Ancient Monuments

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A twin bell barrow and a bell barrow forming the eastern part of The Cursus round barrow cemetery

A Scheduled Monument in Durrington, Wiltshire

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Latitude: 51.1842 / 51°11'3"N

Longitude: -1.8296 / 1°49'46"W

OS Eastings: 412007.235927

OS Northings: 142784.796289

OS Grid: SU120427

Mapcode National: GBR 4ZV.L89

Mapcode Global: VHB5B.7HMK

Entry Name: A twin bell barrow and a bell barrow forming the eastern part of The Cursus round barrow cemetery

Scheduled Date: 10 March 1925

Last Amended: 1 May 1995

Source: Historic England

Source ID: 1012586

English Heritage Legacy ID: 10452

County: Wiltshire

Civil Parish: Durrington

Traditional County: Wiltshire

Lieutenancy Area (Ceremonial County): Wiltshire

Church of England Parish: Amesbury St Mary and St Melor

Church of England Diocese: Salisbury


The monument includes a bell barrow and a twin bell barrow forming the eastern
part of the Cursus round barrow cemetery, situated south of the Cursus on an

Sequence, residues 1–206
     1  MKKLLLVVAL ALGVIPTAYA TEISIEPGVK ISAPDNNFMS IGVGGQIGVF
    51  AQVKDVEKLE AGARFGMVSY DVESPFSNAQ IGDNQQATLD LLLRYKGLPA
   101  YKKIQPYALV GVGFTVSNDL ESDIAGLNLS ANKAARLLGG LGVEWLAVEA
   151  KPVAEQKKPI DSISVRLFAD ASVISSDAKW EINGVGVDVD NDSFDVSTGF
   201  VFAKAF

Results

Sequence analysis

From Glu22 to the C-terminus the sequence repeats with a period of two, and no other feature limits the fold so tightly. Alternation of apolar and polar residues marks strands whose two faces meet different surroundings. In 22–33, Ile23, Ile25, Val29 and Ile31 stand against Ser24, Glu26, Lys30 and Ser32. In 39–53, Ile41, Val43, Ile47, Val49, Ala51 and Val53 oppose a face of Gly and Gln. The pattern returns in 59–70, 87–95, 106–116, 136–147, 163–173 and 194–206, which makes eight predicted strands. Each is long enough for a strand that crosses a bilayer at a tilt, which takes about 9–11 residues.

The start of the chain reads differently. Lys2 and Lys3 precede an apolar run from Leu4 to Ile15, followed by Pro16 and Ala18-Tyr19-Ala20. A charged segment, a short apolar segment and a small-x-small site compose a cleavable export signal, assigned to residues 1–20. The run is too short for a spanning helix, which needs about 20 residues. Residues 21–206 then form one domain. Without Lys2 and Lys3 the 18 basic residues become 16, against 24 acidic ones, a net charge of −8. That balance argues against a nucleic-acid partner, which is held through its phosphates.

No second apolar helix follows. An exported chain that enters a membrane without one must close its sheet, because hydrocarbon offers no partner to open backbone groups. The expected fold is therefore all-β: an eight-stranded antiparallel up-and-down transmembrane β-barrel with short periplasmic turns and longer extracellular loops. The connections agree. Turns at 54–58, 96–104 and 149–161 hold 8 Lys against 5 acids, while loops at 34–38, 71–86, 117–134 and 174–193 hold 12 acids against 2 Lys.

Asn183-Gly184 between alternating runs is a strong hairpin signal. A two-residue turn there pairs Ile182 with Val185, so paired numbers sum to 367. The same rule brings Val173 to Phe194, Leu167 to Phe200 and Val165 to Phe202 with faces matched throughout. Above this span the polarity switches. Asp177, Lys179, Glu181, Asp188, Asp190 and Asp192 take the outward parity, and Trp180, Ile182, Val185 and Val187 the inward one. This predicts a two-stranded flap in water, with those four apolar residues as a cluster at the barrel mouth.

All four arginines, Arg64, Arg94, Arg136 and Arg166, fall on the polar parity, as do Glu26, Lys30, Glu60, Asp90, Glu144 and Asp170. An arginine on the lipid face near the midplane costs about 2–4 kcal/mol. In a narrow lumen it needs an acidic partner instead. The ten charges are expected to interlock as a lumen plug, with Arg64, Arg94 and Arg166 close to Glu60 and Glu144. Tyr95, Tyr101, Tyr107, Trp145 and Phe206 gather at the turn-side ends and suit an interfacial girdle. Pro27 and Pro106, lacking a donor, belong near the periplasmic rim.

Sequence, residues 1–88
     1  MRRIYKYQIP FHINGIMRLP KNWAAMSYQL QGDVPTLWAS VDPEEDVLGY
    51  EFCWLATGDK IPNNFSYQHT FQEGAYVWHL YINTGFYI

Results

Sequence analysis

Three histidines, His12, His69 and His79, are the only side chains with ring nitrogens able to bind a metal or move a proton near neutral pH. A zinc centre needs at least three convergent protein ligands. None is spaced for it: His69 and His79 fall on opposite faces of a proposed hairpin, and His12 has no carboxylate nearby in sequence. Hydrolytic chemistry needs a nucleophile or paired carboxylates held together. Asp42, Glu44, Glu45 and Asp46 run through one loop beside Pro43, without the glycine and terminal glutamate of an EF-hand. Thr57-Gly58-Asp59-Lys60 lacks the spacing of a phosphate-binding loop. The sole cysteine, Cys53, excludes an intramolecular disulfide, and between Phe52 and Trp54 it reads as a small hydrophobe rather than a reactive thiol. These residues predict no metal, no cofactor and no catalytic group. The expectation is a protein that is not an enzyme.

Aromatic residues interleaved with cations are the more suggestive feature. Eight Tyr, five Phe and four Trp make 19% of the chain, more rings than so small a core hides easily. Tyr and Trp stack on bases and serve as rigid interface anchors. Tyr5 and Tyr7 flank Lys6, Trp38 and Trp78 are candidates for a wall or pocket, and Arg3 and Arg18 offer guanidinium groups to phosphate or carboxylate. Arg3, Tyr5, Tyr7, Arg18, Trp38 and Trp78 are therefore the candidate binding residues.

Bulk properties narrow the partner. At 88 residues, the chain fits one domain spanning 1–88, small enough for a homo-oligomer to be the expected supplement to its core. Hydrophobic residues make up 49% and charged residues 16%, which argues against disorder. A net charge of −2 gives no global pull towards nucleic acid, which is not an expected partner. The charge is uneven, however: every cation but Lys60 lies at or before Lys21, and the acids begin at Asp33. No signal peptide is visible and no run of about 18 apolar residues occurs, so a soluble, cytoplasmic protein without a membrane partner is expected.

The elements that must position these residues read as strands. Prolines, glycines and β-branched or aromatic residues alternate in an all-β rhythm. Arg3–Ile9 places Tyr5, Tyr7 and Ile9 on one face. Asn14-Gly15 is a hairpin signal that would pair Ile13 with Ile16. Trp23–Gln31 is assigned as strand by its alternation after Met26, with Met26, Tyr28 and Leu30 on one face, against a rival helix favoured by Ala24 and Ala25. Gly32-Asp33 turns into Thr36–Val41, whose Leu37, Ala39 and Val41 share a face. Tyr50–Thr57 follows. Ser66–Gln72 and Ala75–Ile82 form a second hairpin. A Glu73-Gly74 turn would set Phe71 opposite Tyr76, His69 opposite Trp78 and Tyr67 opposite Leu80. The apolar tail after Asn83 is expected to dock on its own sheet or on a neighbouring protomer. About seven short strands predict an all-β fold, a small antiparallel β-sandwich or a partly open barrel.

east-west ridge with views across Stonehenge to Normanton Down. The Cursus
round barrow cemetery contains 16 round barrows in all, including seven bowl
barrows, six bell barrows, a twin bell barrow and a disc barrow.
The twin barrow has a western mound 17m in diameter by 2.5m high and an
eastern mound 15m in diameter and 1.7m high. This barrow is surrounded by a
ditch 5m wide and 1m deep. It is slightly oval in shape with an overall size
of 42m east-west by 33m north-south. Adjacent to it on the east is a large
bell barrow, the mound of which is 25m in diameter and 3.5m high, surrounded
by a berm and ditch and having an overall diameter of 59m.
Partial excavation of the twin barrow in the 18th and 19th centuries yielded
an inhumation and a cremation in a cist in the western mound, and a cremation
in an urn accompanied by bronze, amber and shale objects in the eastern mound.
All fence posts are excluded from the scheduling but the ground beneath these
features is included.

The site of the monument is shown on the attached map extract.
It includes a 2 metre boundary around the archaeological features,
considered to be essential for the monument's support and preservation.

Source: Historic England

Reasons for Scheduling

A small number of areas in southern England appear to have acted as foci for
ceremonial and ritual activity during the Neolithic and Bronze Age periods.
Two of the best known and earliest recognised areas are around Avebury and
Stonehenge, now jointly designated as a World Heritage Site.
The area of chalk downland which surrounds Stonehenge contains one of the
densest and most varied groups of Neolithic and Bronze Age field monuments in
Britain. Included within the area are Stonehenge itself, the Stonehenge
cursus, the Durrington Walls henge, and a variety of burial monuments, many
grouped into cemeteries.
The area has been the subject of archaeological research since the 18th